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Some lenders are offering loans to people who might not have qualified for them last year, according to Damian Smith chief executive of RateCity.
"[Institutions] are doing this because home lending remains very subdued, and they need to kick start the market to keep profits growing," Smith said.
But he added that the luxury of borrowing sooner and with a smaller deposit comes at a risk - higher LMI costs, and ineligibility for the best mortgage deals.
A smaller deposit also makes borrowers more vulnerable to rate rises, said Smith.
Separately, Heritage Bank reported a huge 82% jump in its home loan enquiries in March this year - a phenomenon the bank attributed to customers being keen to explore other lending options.
"The message that there are alternatives out there that offer great deals is starting to have an impact," CEO John Minz said of the occurrence.
And, in February non-bank lender RESIMAC announced a series of policy changes to its specialist product range intended to simplify its offering.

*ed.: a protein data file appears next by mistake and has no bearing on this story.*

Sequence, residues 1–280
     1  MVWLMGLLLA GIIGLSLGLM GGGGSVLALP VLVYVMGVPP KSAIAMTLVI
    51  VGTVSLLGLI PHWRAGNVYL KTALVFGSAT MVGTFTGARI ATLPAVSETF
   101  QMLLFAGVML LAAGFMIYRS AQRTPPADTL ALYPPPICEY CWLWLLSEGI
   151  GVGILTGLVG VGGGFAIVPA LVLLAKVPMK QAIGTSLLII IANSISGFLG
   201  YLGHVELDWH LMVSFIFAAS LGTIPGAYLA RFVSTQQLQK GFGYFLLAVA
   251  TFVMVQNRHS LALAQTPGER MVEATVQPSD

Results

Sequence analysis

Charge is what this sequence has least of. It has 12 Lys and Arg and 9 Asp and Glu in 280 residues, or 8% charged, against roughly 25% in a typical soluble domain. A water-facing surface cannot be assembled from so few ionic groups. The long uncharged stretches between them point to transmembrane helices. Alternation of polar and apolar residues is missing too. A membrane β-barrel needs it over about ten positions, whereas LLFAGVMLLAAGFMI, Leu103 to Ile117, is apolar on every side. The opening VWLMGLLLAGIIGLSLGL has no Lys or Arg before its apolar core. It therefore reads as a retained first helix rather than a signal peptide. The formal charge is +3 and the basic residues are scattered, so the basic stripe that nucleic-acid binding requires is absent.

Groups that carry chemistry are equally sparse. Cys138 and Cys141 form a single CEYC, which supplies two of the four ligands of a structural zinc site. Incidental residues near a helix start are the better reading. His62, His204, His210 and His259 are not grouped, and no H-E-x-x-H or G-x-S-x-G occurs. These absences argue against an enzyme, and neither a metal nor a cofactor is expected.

The changes included a simpler borrower credit classification as well as increased loan and LVR amounts.
COO Allan Savin said at the time that RESIMAC's focus would be to deliver a broader range of products for non-traditional borrowers.
Huge jump in interest for Heritage Bank - Customers keen to explore the benefit of switching their home loan helped fuel an 82% jump in home loan inquiries at Heritage Bank in February, CEO John Minz has said.
Non-bank changes rules, chases non-traditional market - Non-bank lender RESIMAC will make a series of policy changes to its specialist product range to simplify its offering to the non-traditional lending market.
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